Tag Archives: FBI

Here is why the FBI report on Kavanaugh should go public

The FBI investigation into whether Supreme Court nominee Brett Kavanaugh lied to the Senate during his testimony before the Judiciary Committee is heading to the Senate for its review.

It’s supposed to be for senators’ eyes only.

Hah! Don’t bet on it staying that way.

Republicans will leak the parts of the report that buttress Kavanaugh’s bid to join the nation’s highest court; Democrats will leak those parts that do damage to Kavanaugh.

My strong preference, quite obviously, is for the entire FBI finding to be made public. Send them to the rest of us, the bosses, the folks for whom the president works, for whom Congress works, for whom the Supreme Court works.

The FBI investigation was supposed to be “comprehensive,” according to Donald John Trump’s own words. It wasn’t. The FBI didn’t talk to Christine Blasey Ford, who has accused Kavanaugh of sexually assaulting her when they were teenagers in 1982. It didn’t talk, yet again, with Kavanaugh. It didn’t talk to two other women who have leveled accusations against Kavanaugh.

The report isn’t comprehensive. It is a perfunctory effort.

And now only the Senate will see it in detail, such as it is.

Do you believe senators will keep its contents secret? Neither do I.

We’re likely to hear what both sides want us to hear. It’s only going to inflame passions even more … as if we need more division in this country.

Perjury: a SCOTUS dealbreaker for certain

The FBI has embarked on an investigation into whether Brett Kavanaugh is a suitable choice to take his seat on the U.S. Supreme Court.

The nominee stands accused of sexual assault. He has denied it vehemently. His accuser, Christine Blasey Ford, has affirmed her allegation with equal vehemence. He said, she said … blah, blah, blah.

The fate of Kavanaugh’s court nomination, however, might hinge on whether he lied to the Senate Judiciary Committee about how much beer he drank while he was in high school. No kidding, man! That’s the deal — maybe, perhaps, possibly.

If the FBI determines that he lied under oath to the Senate panel, well, it’s over. Kavanaugh shouldn’t be seated on the nation’s highest court.

Let us also remember that in 1998, the U.S. House of Representatives — led by its Republican majority — was looking for a reason to impeach President Bill Clinton. The president gave it to them when it was determined he lied — also under oath — to a federal grand jury about whether he had a sexual relationship with a White House intern.

The House impeached the president. The Senate tried him, but he was acquitted.

The clear lesson here for Judge Kavanaugh is that the oath he took to tell the whole truth before the Senate committee is every bit as binding as the oath that President Clinton took to tell the truth to the grand jury.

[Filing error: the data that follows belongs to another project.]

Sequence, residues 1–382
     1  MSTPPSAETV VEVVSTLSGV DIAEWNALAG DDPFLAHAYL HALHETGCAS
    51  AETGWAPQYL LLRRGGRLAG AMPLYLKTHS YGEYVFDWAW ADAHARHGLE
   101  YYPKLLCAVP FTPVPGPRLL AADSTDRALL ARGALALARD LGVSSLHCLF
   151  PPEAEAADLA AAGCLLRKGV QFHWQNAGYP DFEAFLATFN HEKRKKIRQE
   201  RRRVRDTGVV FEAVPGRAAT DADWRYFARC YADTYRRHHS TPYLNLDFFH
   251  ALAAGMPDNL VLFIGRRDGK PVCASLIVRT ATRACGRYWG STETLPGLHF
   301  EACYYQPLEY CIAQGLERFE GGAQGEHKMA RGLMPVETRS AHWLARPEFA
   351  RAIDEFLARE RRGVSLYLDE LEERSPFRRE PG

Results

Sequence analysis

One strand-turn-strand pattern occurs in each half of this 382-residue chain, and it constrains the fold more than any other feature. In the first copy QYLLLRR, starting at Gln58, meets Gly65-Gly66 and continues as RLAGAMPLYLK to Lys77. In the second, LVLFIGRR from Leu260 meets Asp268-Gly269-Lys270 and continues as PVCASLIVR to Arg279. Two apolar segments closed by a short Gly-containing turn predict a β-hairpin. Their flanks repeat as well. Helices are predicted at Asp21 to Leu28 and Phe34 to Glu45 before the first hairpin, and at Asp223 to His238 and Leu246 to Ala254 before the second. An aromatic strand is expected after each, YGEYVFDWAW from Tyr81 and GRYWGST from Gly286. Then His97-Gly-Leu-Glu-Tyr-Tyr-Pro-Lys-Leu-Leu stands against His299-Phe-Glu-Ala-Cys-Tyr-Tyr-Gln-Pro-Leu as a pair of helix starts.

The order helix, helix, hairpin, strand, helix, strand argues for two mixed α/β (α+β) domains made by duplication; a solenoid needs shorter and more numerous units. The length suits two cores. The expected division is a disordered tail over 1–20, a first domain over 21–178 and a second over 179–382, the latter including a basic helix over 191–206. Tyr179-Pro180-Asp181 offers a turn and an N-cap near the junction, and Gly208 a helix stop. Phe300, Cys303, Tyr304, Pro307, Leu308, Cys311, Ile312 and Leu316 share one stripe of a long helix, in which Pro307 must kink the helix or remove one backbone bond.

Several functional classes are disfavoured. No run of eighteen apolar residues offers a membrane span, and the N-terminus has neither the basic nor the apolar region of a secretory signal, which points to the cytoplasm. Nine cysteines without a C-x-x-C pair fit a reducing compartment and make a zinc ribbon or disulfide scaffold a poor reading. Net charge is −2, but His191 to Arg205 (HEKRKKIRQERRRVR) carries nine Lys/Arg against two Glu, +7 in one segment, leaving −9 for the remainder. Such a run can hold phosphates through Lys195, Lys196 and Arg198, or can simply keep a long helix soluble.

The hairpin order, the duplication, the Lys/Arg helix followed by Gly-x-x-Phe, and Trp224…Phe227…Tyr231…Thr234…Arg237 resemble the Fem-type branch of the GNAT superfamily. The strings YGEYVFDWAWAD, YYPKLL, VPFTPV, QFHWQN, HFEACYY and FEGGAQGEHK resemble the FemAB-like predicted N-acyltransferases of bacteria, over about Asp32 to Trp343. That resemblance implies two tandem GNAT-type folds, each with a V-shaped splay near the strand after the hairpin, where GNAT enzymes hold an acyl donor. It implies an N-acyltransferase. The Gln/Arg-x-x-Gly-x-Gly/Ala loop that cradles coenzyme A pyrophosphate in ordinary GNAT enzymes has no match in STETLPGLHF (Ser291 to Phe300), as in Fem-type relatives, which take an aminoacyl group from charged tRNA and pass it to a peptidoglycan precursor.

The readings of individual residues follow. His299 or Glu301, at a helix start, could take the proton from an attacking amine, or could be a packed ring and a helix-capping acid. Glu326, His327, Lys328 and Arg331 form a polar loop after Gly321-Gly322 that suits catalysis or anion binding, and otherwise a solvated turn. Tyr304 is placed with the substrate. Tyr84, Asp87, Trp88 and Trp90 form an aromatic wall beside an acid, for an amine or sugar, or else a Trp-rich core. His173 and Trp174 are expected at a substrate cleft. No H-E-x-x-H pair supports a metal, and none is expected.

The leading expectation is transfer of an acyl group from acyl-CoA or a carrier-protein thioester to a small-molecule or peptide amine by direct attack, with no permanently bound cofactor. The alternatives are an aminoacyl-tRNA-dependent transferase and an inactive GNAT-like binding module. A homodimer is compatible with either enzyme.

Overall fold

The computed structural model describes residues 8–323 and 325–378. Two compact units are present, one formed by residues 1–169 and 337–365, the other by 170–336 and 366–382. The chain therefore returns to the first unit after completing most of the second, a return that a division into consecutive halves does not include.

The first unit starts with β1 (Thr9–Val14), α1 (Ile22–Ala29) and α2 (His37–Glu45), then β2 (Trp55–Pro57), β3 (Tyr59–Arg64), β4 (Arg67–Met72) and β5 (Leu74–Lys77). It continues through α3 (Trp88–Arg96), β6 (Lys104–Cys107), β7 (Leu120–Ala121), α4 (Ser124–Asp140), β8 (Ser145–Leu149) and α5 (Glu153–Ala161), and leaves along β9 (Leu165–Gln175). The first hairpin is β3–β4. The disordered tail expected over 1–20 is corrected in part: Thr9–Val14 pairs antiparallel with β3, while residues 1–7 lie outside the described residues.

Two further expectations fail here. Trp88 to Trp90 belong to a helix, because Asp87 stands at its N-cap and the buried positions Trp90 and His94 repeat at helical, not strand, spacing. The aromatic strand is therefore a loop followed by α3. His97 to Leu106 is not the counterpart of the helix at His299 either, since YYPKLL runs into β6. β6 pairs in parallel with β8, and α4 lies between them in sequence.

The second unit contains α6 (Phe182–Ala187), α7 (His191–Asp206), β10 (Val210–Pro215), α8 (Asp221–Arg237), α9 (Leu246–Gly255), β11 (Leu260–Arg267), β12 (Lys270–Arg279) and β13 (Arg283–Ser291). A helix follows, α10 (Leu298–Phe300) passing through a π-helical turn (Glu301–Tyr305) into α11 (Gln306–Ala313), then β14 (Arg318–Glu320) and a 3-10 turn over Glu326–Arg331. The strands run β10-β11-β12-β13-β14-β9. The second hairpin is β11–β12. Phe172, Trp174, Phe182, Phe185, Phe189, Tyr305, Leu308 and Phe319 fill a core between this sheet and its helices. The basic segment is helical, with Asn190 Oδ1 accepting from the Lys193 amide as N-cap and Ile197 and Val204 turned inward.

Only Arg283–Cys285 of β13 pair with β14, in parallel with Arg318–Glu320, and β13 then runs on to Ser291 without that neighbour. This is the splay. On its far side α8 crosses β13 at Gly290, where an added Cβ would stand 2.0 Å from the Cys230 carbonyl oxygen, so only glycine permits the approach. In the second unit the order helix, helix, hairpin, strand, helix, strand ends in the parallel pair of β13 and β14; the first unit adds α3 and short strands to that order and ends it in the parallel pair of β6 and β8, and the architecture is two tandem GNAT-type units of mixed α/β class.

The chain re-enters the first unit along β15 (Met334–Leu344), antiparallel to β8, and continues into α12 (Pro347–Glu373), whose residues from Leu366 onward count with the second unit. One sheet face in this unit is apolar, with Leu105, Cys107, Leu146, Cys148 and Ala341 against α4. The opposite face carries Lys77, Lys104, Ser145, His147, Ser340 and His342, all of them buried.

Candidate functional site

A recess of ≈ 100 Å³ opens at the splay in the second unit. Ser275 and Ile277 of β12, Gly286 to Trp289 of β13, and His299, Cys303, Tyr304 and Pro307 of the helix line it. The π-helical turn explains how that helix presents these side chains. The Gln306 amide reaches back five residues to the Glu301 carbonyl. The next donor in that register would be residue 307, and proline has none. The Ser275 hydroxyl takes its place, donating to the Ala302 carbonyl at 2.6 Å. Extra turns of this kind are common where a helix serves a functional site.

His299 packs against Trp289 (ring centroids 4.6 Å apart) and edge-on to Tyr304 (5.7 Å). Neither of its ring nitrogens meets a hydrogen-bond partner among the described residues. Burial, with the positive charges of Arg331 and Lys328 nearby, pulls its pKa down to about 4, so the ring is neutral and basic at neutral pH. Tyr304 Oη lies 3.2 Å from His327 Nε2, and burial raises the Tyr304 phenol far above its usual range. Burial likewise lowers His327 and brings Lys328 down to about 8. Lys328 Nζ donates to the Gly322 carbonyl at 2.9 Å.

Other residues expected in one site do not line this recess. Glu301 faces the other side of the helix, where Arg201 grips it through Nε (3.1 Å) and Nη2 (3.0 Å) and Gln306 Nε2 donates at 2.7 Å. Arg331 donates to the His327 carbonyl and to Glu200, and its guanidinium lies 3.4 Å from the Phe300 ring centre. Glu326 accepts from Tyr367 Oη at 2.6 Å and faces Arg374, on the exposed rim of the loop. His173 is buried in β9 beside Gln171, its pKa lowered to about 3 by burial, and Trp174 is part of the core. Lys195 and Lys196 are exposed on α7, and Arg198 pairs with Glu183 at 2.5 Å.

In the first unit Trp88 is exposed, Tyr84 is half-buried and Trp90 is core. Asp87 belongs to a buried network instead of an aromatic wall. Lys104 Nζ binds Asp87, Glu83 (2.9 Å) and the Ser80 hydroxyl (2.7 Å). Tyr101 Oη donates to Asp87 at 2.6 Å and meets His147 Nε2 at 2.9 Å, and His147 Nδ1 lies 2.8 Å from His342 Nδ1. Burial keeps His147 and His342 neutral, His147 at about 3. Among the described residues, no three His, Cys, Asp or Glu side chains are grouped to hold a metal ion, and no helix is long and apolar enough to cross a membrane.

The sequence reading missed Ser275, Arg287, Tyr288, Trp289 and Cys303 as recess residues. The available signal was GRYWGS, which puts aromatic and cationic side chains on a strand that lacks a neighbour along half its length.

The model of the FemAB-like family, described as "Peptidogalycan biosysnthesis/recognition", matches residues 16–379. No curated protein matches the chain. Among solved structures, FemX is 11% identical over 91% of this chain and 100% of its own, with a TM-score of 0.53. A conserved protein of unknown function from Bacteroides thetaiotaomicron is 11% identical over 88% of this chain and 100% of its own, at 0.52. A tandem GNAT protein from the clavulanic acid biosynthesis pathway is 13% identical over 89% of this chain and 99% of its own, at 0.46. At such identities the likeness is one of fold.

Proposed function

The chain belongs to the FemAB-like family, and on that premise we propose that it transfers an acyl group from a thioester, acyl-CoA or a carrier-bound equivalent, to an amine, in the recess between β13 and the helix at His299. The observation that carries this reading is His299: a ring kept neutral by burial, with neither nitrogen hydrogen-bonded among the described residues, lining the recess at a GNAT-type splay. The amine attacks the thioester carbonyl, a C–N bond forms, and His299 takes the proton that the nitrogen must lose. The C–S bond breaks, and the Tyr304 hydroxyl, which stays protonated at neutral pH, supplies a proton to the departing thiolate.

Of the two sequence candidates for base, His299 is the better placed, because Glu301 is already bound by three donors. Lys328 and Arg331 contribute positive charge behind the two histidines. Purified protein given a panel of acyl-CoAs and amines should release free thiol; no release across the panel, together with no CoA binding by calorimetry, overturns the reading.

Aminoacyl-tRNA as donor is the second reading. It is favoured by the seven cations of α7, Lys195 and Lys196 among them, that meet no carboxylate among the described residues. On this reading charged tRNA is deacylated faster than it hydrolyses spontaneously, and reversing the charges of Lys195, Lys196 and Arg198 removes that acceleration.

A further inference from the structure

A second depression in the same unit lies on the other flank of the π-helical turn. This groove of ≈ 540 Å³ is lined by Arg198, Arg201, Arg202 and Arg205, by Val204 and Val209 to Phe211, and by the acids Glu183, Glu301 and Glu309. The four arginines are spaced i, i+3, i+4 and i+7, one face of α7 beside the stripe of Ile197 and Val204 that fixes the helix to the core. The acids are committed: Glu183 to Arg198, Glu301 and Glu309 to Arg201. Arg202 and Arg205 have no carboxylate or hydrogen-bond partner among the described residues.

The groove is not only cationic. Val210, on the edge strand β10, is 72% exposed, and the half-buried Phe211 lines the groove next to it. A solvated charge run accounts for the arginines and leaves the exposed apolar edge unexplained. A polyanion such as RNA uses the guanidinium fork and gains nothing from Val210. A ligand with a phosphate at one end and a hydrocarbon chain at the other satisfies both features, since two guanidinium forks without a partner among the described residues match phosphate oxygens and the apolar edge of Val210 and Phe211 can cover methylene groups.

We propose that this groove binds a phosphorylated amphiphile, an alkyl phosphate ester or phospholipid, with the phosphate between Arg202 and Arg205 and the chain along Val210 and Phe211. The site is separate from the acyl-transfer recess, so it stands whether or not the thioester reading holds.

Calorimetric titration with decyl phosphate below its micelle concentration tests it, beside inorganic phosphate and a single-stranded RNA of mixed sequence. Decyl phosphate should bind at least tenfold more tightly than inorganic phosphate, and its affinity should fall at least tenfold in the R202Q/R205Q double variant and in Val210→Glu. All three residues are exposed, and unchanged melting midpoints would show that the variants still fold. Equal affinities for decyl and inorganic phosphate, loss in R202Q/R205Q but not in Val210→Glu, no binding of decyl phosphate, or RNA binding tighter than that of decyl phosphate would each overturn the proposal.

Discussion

Senate causes heads to spin

My noggin is spinning.

The U.S. Senate Judiciary Committee has voted 11-10 — along partisan lines — to recommend confirmation of Judge Brett Kavanaugh to the U.S. Supreme Court.

But, man, there’s a major catch in that vote.

One of the committee Republicans, Jeff Flake, wants the FBI to conduct an investigation into the allegation that Kavanaugh sexually assaulted Christine Ford when they were in high school; he wants the Senate to delay its full floor vote for a week to enable the FBI to learn more about what allegedly happened.

It’s now up to Donald Trump, the president of the United States, to issue the order to the FBI.

Without an investigation, Flake might become a “no” vote if a full Senate vote occurs with an FBI probe. So might two other key GOP senators, Lisa Murkowski and Susan Collins.

I’m doing the math. That leaves the Senate GOP with 48 votes to confirm Kavanaugh.

They need50.

Are we clear now? Clear as mud?

I’m thinking now of Winston Churchill’s classic analysis of democracy, how it’s the “worst system” of government ever devised … but it’s the best system we can have.

It’s messy, folks.

Trump keeps savaging DOJ, law enforcement

I don’t know why this continues to nag me, annoy me, bother me to no end. It just does and I have to vent a bit.

Donald J. Trump went off on another Twitter tirade against one of his favorite targets: the federal law enforcement network headed by the Department of Justice.

He said in Nevada that he has gotten rid of some of the people he believes needed to go: FBI Director James Comey, deputy FBI boss Andrew McCabe, FBI agent Peter Strzok.

Then the president refers to a “stench” in the Justice Department that needs to go. By association, he disparages and denigrates — yet again! — the many fine career prosecutors, agents and mid-level staffers who do the job they took an oath to do. Which is protect Americans against those who would do us harm.